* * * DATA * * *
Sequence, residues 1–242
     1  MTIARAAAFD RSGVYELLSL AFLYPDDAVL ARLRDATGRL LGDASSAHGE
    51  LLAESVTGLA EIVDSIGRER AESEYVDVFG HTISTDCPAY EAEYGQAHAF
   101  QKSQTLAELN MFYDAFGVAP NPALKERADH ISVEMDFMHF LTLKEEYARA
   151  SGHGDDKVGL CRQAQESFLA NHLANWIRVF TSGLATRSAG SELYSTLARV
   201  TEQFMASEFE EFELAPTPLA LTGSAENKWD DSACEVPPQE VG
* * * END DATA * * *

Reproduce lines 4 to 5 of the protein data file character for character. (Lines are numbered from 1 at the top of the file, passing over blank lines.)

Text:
   101  QKSQTLAELN MFYDAFGVAP NPALKERADH ISVEMDFMHF LTLKEEYARA
   151  SGHGDDKVGL CRQAQESFLA NHLANWIRVF TSGLATRSAG SELYSTLARV